Janet Yellen Fed rates rise
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The Federal Reserve has just embarked on its first interest rate-raising cycle for a decade, but that does not mean it is too soon to think about how it would resuscitate the economy if a new recession unexpectedly struck.

Janet Yellen, the Fed’s chair, on Wednesday said that recoveries do not “die of old age” as she dismissed suggestions that the US expansion was getting perilously long in the tooth six years after the Great Recession.

The chances of the US being hit by a shock that drives it into recession in any given year might be at least 10 per cent, but there was nothing to make her particularly concerned about a setback now, Ms Yellen said. Yet the chair also made it clear that the Fed has looked at the options that would be at its disposal if the US economy stumbled.

Doing so is only sensible: central banks around the world ranging from the European Central Bank to the Bank of Japan and Swedish Riksbank have lifted rates in recent years, only to be forced to cut them back after their economies faltered.

“We now have a playbook for this,” said Randall Kroszner, who served as a Fed governor during the crisis and is now at the University of Chicago Booth School of Business. “A number of central banks have raised rates and then had to retrace their steps. They have ended up cutting rates back, engaging in QE and in some cases taking rates into negative territory.”

The Fed on Wednesday kick-started what is likely to be the shallowest rate-hiking cycle since the 1970s, as it cautiously reins in the economic stimulus it inaugurated during the financial crash.

Even if policymakers’ median predictions are fulfilled — something the markets doubt — the fed funds rate will be barely above 3 per cent by the end of 2018, giving the Fed little room to cut before rates hit zero again if it needs to boost the economy.

Ms Yellen suggested on Wednesday that one of the reasons the Fed wants to keep the stimulus from its swollen $4.5tn balance sheet fully in place for some time to come is that this should give it greater scope to lift the federal funds rate, creating a bigger rate-cutting buffer if it needed to reverse course.

“One factor that we’ve talked about is the desirability of having some scope to respond to an adverse shock to the economy by lowering the federal funds rate,” she said at a press conference. “It would be nice to have a buffer in terms of having raised the federal funds rate to a certain extent, to give us some meaningful scope to respond.”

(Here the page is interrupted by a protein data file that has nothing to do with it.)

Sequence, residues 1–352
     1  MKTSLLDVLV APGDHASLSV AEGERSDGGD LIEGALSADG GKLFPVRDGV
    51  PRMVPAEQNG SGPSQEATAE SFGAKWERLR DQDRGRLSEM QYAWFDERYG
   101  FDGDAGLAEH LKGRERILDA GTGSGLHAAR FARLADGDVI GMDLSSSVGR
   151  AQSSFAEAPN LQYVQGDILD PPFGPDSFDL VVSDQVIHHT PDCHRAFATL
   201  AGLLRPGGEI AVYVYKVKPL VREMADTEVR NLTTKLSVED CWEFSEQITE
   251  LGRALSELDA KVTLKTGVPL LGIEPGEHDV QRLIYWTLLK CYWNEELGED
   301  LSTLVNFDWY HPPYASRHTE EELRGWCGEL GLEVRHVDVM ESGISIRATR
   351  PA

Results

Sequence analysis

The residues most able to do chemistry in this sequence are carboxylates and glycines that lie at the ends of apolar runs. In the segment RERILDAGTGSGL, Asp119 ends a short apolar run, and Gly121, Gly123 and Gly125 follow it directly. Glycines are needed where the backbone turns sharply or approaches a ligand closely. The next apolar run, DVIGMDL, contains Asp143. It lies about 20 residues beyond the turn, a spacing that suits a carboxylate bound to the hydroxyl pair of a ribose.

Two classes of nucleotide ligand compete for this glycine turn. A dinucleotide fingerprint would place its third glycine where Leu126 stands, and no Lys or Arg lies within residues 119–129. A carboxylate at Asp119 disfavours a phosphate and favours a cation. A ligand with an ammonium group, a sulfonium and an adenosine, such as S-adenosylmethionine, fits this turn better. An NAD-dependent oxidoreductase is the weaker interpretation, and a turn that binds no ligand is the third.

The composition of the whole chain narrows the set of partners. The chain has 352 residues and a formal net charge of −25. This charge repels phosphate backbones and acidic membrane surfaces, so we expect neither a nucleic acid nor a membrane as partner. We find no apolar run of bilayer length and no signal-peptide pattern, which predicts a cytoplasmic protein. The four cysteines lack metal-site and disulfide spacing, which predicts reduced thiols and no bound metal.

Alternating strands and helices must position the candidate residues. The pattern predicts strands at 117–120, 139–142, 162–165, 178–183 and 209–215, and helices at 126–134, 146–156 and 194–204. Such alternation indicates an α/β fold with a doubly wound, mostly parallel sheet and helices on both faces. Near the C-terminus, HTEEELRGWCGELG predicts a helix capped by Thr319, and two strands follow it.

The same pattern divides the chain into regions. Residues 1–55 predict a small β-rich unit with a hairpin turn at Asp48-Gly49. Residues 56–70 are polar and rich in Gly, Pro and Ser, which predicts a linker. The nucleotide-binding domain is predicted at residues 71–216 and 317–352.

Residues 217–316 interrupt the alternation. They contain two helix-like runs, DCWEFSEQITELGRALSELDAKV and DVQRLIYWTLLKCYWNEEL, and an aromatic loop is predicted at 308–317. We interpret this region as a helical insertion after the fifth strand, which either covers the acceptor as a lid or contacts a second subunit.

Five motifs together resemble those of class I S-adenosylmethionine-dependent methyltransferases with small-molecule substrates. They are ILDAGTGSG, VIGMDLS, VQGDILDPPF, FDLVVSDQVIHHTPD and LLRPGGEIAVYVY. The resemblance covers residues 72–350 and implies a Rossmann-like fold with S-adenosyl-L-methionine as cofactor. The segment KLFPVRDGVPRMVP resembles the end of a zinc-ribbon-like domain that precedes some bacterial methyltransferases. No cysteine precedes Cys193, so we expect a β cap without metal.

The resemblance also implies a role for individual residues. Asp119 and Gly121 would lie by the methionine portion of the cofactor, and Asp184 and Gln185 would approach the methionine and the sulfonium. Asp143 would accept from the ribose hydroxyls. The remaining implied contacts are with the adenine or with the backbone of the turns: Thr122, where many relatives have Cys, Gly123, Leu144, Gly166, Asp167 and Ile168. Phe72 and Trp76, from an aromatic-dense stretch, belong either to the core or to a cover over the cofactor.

Lou Crandall, chief economist at Wrightson ICAP, said the strategy was logical. The Fed has “two dimensions along which it can tighten,” he said — one by allowing its balance sheet to shrink as assets mature and run off, and one by lifting rates.

If the US economy stalls, it would be simpler for the Fed to cut rates back than to restart asset purchases to bulk up its balance sheet. “Politically it is much harder to start [Quantitative Easing] again,” he said.

That said, if the Fed did have to lower rates back to near-zero, it would soon have to start thinking about alternative strategies to restart the economy — all of them fraught with difficulties. “There is a pretty good chance that the next recession we have the Fed will have to do something unconventional,” said Ethan Harris, co-head of global economics at Bank of America Merrill Lynch.

One of the options would be to cut rates into negative territory, something the Fed decided against during the last crisis because of fears of adverse repercussions in financial markets. Mr Crandall said the gambit could well be disruptive to the money market fund industry, prompting massive outflows.

Nevertheless, Ms Yellen has left it on the menu, following the recent experience of central banks in Europe including the ECB. “I don’t contemplate that we will need to do this, but it is something that we could study,” she said.

Whether it is a genuine option would principally depend on evidence of the effectiveness of recent negative rate policies abroad. The jury thus far is very much out, argued Mr Kroszner.

A more likely option would be doing more with the Fed’s balance sheet, as well as forward guidance to assure markets rates will be kept low. An initial step might be to shift the composition of the Fed’s portfolio towards longer-dated securities, in a re-run of the so-called “operation twist” that occurred under Ben Bernanke, the last Fed chair, said Mr Crandall.

That would be a very incremental move, however. The bolder step would be full-blown balance-sheet expansion, as the Fed boosted its stockpile of securities. While QE can be potent in helping calm a panic, some studies point to a relatively modest economic impact.

A more likely option would be doing more with the Fed’s balance sheet, as well as forward guidance to assure markets rates will be kept low. An initial step might be to shift the composition of the Fed’s portfolio towards longer-dated securities, in a re-run of the so-called “operation twist” that occurred under Ben Bernanke, the last Fed chair, said Mr Crandall.

“The Fed and the market would realise it would be a heavier lift to have the same impact as before,” said Mr Kroszner. “However that would not deter them from using QE if there were a significant downturn or a threat of deflation.”

As the central bank embarks on its rate increases, none of this appears to be an immediate concern. Once the Fed starts lifting rates, the process tends to keep going for some time, said Jim O’Sullivan of High Frequency Economics.

However he cautioned: “With growth pretty modest, it may take less of a shock than in the past to knock us over.”

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